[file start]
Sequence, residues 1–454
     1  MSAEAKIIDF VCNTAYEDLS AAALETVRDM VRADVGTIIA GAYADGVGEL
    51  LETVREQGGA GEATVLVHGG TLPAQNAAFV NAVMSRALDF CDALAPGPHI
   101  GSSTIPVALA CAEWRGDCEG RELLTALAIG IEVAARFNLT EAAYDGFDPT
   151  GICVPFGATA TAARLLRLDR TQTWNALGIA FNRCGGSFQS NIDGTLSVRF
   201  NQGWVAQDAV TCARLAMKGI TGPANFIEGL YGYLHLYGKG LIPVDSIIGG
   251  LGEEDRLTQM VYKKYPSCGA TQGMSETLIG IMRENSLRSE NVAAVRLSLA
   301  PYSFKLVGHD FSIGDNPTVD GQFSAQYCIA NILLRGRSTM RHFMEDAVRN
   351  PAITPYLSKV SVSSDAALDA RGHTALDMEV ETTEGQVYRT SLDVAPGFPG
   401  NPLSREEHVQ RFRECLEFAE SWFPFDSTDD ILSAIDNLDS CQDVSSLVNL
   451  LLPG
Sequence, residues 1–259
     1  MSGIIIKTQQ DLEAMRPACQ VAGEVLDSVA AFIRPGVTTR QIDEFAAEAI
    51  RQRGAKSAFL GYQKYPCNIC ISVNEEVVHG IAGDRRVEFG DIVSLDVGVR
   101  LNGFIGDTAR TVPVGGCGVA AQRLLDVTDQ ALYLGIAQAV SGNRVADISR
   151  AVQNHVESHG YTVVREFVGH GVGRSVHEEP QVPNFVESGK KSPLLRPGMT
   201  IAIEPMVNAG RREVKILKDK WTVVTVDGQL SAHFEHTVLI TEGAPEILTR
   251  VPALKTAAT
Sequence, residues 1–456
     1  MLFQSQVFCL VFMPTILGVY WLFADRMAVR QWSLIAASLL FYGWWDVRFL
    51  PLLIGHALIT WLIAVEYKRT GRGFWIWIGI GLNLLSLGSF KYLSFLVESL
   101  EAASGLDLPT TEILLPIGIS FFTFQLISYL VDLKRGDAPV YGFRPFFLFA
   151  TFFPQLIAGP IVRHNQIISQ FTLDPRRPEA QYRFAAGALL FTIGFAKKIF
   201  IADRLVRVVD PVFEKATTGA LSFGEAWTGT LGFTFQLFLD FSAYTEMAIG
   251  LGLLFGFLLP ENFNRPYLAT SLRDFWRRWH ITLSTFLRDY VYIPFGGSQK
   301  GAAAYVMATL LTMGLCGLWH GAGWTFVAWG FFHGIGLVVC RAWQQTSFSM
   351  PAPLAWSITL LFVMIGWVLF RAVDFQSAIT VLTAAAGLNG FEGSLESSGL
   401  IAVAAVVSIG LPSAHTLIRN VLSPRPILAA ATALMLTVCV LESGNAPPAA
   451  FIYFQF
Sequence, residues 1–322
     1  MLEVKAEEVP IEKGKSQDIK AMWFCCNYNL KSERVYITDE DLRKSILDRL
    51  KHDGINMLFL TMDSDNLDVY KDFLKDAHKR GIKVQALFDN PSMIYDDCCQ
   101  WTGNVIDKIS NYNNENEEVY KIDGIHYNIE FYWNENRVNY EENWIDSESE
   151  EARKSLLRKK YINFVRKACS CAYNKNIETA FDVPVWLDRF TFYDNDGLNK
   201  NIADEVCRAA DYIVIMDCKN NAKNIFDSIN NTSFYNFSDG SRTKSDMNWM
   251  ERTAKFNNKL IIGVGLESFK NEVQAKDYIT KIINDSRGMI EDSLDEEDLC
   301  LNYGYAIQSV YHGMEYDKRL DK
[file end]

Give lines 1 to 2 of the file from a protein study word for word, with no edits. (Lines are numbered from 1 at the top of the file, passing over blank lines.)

Sequence, residues 1–454
     1  MSAEAKIIDF VCNTAYEDLS AAALETVRDM VRADVGTIIA GAYADGVGEL